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Disease Modifying Therapies – Mechanism of Action Poster Presentation

P0311 - Decoding Bruton’s tyrosine kinase signalling in neuroinflammation (ID 1381)

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Disease Modifying Therapies – Mechanism of Action



Neuroinflammation in the brain and spinal cord, driven largely by CNS-resident microglia, has been proposed as a significant contributor to disability accumulation in patients living with multiple sclerosis (MS). Bruton’s tyrosine kinase (BTK) is expressed in microglia, as well as in B lymphocytes and monocytes/macrophages found in the periphery. In B cells, this kinase is an essential component of the B-cell receptor signalling pathway regulating proliferation, maturation, antigen presentation, and production of secreted immunoglobulins. We hypothesize that in addition to its role in B cells, BTK regulates microglial deleterious inflammatory signalling; therefore, inhibiting BTK with a brain-penetrant inhibitor may provide therapeutic benefit within the CNS by targeting innate immunity associated with disease progression in MS.


To assess the role of BTK signalling in modulating inflammatory processes in microglial cells both in vitro and in vivo.


Immunohistochemistry, Western blotting, and RNA sequencing monitored BTK or phospho-BTK in primary mouse microglial cells, the rodent model of cuprizone-mediated demyelination, and post-mortem MS brain tissues.


Basal activity of BTK in murine microglial cells in vitro was enhanced by stimulation with immune complexes and silenced with a BTK inhibitor. Transcriptome analysis was used to generate a BTK-dependent transcriptional signature in microglia. In tissue derived from autopsy specimens, immunohistochemistry studies and single-nucleus RNA sequencing demonstrated that BTK was expressed in B cells as well as in microglial cells, with increased levels in MS lesion samples. To further explore the role of BTK in vivo, we identified a BTK-dependent transcriptional profile in brains from cuprizone-treated mice. Oral administration of a brain-penetrant BTK inhibitor downregulated the BTK-dependent gene expression signature in the cuprizone-treated mouse brain. Finally, using post-mortem tissue, we evaluated BTK-dependent activation signatures derived from mouse models in MS samples.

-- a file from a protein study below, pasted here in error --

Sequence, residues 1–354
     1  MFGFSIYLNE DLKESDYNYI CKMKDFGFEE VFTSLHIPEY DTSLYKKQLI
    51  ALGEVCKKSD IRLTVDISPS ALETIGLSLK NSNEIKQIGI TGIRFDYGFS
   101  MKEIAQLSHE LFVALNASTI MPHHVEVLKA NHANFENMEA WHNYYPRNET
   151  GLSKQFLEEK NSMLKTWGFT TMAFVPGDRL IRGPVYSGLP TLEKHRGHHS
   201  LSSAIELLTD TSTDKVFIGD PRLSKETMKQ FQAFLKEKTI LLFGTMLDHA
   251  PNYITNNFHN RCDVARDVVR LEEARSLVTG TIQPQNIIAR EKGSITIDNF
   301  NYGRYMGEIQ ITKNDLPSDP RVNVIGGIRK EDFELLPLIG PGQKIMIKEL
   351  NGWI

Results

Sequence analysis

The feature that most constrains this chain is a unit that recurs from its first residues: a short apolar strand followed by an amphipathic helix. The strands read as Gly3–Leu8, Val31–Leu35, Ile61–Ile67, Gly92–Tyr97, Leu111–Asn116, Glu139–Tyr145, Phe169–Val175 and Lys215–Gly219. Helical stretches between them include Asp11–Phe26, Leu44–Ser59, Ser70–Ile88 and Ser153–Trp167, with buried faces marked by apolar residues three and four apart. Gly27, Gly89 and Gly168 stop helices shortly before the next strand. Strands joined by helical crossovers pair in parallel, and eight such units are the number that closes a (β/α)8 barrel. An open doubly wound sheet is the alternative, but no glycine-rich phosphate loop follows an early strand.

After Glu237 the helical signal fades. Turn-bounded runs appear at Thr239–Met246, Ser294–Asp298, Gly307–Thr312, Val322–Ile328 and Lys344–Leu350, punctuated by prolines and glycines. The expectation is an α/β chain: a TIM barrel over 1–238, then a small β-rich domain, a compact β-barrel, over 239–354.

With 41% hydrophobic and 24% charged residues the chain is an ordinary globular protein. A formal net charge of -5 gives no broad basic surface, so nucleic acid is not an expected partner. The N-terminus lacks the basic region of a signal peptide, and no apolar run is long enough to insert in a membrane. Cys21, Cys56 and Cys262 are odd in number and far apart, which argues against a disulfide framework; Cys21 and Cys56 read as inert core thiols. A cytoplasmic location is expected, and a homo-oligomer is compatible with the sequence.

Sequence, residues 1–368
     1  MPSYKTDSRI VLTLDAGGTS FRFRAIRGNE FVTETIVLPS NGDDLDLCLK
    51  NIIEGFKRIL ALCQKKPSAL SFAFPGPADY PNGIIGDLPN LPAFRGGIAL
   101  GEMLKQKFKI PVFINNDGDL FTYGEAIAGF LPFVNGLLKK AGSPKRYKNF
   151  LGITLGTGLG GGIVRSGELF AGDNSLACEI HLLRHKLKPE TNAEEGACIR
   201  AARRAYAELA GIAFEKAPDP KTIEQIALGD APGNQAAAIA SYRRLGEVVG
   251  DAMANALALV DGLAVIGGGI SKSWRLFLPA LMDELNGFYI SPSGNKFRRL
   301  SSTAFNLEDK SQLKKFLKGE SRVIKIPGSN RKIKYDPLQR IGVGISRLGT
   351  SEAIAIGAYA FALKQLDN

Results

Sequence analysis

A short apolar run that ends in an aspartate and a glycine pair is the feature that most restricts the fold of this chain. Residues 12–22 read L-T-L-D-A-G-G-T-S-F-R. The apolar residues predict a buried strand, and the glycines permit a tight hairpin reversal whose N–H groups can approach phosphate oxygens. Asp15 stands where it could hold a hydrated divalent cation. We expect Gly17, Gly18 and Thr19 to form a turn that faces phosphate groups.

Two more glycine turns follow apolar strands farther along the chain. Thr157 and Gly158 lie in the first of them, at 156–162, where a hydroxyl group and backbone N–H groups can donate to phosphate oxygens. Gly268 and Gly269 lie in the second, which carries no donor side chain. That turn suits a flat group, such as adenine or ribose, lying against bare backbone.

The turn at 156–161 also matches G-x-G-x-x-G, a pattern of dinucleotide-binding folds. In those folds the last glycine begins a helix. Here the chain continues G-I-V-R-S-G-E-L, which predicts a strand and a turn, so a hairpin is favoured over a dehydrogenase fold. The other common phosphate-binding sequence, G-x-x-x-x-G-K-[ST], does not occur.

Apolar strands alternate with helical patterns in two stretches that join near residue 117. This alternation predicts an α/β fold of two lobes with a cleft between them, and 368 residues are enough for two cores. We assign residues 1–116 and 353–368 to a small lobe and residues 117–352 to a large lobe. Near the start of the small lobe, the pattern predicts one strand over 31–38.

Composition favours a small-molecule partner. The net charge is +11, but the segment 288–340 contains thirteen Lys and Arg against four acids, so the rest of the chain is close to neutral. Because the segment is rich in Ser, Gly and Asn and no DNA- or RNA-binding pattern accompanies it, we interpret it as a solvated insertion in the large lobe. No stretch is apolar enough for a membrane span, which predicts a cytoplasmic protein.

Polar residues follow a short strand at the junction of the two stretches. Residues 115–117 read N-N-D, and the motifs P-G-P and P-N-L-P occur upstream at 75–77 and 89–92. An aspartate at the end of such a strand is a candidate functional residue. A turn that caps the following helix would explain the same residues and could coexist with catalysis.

Using the cuprizone-induced toxicity model, we extend our previous findings on the role of BTK in microglia to show that BTK-dependent inflammatory signalling in these cells can be modulated using brain-penetrant BTK inhibitors in vivo, which could abrogate microglia-driven neuroinflammation implicated in disease progression in MS.